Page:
The criteria for self determination and recognition as a sovereign state: Case of Kosovo

Nancy Namisi Siboe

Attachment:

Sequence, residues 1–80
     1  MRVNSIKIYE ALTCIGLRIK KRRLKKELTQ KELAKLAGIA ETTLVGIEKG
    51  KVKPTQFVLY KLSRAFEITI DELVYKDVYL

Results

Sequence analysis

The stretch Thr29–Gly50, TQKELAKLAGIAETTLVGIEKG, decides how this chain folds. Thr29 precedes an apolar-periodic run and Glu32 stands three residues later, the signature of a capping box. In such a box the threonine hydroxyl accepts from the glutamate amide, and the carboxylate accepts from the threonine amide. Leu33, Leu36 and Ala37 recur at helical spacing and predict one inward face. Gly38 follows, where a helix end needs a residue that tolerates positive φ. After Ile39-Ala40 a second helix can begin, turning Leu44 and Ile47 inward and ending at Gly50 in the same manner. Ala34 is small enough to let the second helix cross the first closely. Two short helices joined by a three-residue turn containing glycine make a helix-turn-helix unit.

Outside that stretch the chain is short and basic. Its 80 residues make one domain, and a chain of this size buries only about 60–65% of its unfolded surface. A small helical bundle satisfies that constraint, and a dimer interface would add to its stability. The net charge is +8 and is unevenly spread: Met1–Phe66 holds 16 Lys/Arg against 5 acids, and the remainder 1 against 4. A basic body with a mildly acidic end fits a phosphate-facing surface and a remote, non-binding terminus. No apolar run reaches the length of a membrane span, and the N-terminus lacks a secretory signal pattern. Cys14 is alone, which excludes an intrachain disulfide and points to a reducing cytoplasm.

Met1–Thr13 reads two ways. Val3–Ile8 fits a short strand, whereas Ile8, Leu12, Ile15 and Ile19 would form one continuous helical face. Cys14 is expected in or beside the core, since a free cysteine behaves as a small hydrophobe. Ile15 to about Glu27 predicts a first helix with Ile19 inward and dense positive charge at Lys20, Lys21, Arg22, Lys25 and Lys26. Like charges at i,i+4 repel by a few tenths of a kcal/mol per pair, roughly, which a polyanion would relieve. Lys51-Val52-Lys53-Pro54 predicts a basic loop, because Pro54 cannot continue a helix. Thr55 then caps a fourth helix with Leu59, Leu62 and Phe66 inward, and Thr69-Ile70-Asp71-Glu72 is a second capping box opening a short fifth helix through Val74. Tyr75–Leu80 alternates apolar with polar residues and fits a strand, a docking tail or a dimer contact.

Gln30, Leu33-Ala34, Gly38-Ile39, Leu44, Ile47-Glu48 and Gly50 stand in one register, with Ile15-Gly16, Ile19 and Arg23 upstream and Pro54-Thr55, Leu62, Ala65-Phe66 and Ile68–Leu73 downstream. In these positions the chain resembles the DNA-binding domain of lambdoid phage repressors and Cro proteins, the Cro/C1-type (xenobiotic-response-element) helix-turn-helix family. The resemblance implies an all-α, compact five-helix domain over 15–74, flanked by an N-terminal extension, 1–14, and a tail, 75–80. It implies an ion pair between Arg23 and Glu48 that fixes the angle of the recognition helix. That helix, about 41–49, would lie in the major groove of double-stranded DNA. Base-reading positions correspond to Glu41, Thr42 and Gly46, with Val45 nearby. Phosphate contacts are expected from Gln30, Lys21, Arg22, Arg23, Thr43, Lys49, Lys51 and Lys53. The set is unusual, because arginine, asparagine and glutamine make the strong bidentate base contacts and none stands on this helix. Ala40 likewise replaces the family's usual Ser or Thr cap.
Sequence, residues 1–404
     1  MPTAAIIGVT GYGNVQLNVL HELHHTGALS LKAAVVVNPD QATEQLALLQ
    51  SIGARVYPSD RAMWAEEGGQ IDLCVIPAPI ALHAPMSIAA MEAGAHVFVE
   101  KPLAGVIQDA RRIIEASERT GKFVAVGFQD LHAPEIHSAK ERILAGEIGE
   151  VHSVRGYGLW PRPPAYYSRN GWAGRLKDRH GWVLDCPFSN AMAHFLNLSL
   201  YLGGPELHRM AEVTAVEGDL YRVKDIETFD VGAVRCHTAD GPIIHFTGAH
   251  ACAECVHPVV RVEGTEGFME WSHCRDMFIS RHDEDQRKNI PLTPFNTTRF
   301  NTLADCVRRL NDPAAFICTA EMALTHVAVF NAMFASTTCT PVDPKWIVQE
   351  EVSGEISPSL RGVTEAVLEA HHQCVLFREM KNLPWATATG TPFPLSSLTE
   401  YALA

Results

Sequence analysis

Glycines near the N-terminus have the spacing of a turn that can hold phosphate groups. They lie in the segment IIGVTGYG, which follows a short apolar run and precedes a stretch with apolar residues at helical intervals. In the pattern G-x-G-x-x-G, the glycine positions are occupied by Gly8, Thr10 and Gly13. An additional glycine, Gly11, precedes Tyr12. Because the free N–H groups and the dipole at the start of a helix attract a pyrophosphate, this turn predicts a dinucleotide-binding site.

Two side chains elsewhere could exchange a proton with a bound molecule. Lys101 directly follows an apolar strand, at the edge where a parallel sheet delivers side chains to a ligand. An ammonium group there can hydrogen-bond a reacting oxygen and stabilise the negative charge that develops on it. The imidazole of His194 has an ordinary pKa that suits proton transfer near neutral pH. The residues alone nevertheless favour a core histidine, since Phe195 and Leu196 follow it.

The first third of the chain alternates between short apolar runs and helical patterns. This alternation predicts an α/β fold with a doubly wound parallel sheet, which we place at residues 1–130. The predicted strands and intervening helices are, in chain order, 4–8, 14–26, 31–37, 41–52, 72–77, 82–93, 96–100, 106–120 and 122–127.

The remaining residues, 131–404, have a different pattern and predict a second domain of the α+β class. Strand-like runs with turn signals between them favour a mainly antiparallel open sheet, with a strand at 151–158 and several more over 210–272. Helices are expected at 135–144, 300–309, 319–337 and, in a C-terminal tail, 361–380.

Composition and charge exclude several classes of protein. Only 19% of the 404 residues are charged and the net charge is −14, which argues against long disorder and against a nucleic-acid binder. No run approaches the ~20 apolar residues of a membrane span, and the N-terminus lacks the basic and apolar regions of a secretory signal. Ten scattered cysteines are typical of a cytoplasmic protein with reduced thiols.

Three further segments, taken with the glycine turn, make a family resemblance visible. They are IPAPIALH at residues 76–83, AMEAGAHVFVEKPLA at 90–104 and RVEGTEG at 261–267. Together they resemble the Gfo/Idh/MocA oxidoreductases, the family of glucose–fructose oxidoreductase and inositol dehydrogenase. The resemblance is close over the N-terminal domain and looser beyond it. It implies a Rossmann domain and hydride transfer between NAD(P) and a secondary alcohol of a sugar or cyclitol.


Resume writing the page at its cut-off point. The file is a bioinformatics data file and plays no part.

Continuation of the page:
Self-determination is a controversial issue in public international relations as well as in international law. The rise of groups of people in different geographical locations of the world, seeking alienation and recognition, as independent sovereign state cannot therefore continued to be ignored. The protection of the inviolable right of state sovereignty as provided for under the preamble of the United Nations Charter cannot be shoved under the carpet. It is now a public debate on whether state sovereignty has to be protected at all costs including ignoring pressure from proponents of self-determination. What then are the characteristics or criteria that qualifies a group to be entitled to secession? The aim of this article is to look at the brief history of self-determination and assess the criteria considered for declaration of sovereignty. The case of Kosovo will be considered extensively. The author seeks to fill the gap in existing literature on whether recognition automatically confers upon meeting the laid down requirements or political decisions also hold water. The methodology used is theoretical It is clear from the results that the subject of graduation from self-determination to state sovereignty is an issue not so much of legality but political recognition by the international community. This research will positively contribute to the debate surrounding self-determination and sovereignty. It will at least demystify the fog surrounding this highly contested principle. The research will help in widening the criteria for state sovereignty to include political recognition. The author proposes more studies in the area of whether political recognition is legal when making international law decisions.

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